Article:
Panarea

Amazing Facts: Panarea

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SailSterling Essential Panarea

Panarea, a truly picturesque island is one of the most enchanting of the Aeolian archipelago. This island is the smallest of all islands, small but nice: in the summer months (July – September) the rich and famous from northern Italy reside here. This is due to the fact that some rich Italians have discovered the island for themselves. As a result, some politicians have also caused land prices to rise astronomically.

The yachts anchor in the harbour, the houses are inhabited for a few weeks. To the displeasure of the locals, who have to live on a “ghost island” for the rest of the year – and are allowed to look after the houses of high society. In the other months it is quiet on the island, ideal for hiking tourists. It’s beautifully lush and there are spectacular paths and great views, plus a Bronze Age settlement and a gorgeous sandy beach. 

From a geological point of view, Panarea is the oldest of the Aeolian Islands and with the neighbouring islands is all that is left of the eruption phenomena of a single volcanic basin that is now almost completely flooded and eroded by the sea and wind. The last traces of the current volcanic activity can be found on the beach of La Calcara in the northeast of the island with steam fumaroles that reach very high temperatures. The island used to be the largest, but the sinking has greatly reduced its primitive surface.

Cala Junco
Cala Junco

The Island

The island of Panarea has an area of ​​3.4 km² on which about 400 people live. The houses are grouped around 3 districts: Ditella, San Pietro and Drauto. The highest peak in Panarea is called Pizzo del Corvo (420m) and slopes down to the east in terraces that are grown with grain and bordered by gigantic olive trees. On this side of the island, the ridges of Pizzo Falcone and Pizzo Castello stand out. To the west the slopes have wild crags and green covered rocky walls. The western part of the island is hardly inhabited and the eastern part along the entire coast is quite heavily populated. Panarea is also known as an archipelago within the archipelago because the small volcanic islands are to the east of the island. 

On the surface these are not connected to each other, but have a common origin below sea level. Panarea and these islets (Basiluzzo, Dattilo, Lisca Bianca, Bottaro, Lisca Nera, Spinazzola, Panarelli and Formiche) are part of the same volcanic ensemble: they are the remains of spouting centres formed on the only morphological unit, a submarine volcano.

Panarea
Panarea

San Pietro

San Pietro is the centre of the island and thanks to its pier it is also the place of arrival and departure. All narrow streets lead from the port to the three inhabited centres of San Pietro, Drautto and Ditella. Due to the size, it is possible to explore the whole island on foot, but you can also take the classic and picturesque Aeolian taxi. 

San Pietro
San Pietro

Basiluzzo

Basiluzzo is located in front of San Pietro and is the largest uninhabited island in the Aeolian Islands. On the island of Basiluzzo, which was a well-known summer vacation spot for the Romans in ancient times, there are even the remains of a Roman villa, floor mosaics and wall paintings. The remains of a jetty and a thermal bath are three meters below sea level.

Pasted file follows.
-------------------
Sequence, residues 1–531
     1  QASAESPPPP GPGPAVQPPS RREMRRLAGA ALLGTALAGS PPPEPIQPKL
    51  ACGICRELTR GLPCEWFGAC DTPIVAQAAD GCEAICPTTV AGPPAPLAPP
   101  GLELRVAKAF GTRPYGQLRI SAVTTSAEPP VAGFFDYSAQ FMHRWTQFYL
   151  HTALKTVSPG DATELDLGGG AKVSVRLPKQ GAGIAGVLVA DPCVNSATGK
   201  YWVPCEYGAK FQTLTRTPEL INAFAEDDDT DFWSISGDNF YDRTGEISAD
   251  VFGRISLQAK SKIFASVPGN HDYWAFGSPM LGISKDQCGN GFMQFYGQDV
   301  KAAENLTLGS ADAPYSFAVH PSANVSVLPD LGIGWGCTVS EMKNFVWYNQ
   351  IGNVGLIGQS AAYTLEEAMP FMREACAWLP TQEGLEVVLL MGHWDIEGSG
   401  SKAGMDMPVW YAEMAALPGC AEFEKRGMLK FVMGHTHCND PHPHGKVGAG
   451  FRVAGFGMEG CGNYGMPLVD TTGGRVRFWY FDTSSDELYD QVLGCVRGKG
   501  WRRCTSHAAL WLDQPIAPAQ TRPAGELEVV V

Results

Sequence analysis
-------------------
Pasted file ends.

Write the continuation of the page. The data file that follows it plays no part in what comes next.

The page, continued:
Basiluzzo
Basiluzzo

Around The Island

Go around the island and go up as high as possible: it’s possible on Panarea. The smallest of the Aeolian Islands offers heavenly tranquility outside the main town and port of San Pietro. This is bound to open up delightful glimpses of yourself and spectacular views of the neighbouring islands. Panarea, although the smallest, is definitely the most graceful of the Aeolian Islands, a truly idyllic corner of the earth.

The road network stretches along the entire east coast and connects the small towns with one another. In the western part, the landscape can only be explored by trekking tours and offers a beautiful insight into the natural world of this charming island off the north coast of Sicily. 

From S.Pietro you hike through the Drauto district in about 1 hour past the beautiful beach Caletta dei Zimmari to Capo Milazzese. Don’t miss the excavations of a Bronze Age village in Capo Milazzese. The settlement consisted of about 50 round buildings and one rectangular building that probably served as a meeting room. The foundation walls of 23 round buildings as well as millstones, pots and ceramic pots have been preserved. 

HIking Panarea
HIking Panarea

Swimming and beaches

The island has some beautiful beaches, some of which can only be reached by boat. The Bay of Cala Junco and the Bay of Zimmari are the only two beaches that can be reached from the mainland. The beautiful clear water has turquoise to dark blue spots that are really inviting. If you take a boat around the island, a series of views follow before your astonished gaze: enormous, rounded or prismatically shaped boulders, occasionally standing in the sea, rocky reefs with high peaks and wonderful bays like those of Cala Junco.

A rocky beach on the island of Panarea
A rocky beach on the island of Panarea

"Even now I miss Italy dearly, I dream about it every night"

-Eila Hiltunen

COVID RESPONSE

Stringent cleaning procedures are already in-place across all boats globally for the well-being of our crew and guests.  These will be further enhanced to meet government guidelines in the UK and Italy which are in place in July 2021 in relation to the COVID pandemic.  These will include temperature checks prior to boarding; hand-sanitising stations in public areas; additional deep cleans of public areas including decks; social distancing if required.  With each catamaran’s capacity at a maximum of 10 people including skipper and chef, if required in August, guests would remain in catamaran bubbles during visits to vineyards and other on-shore activities.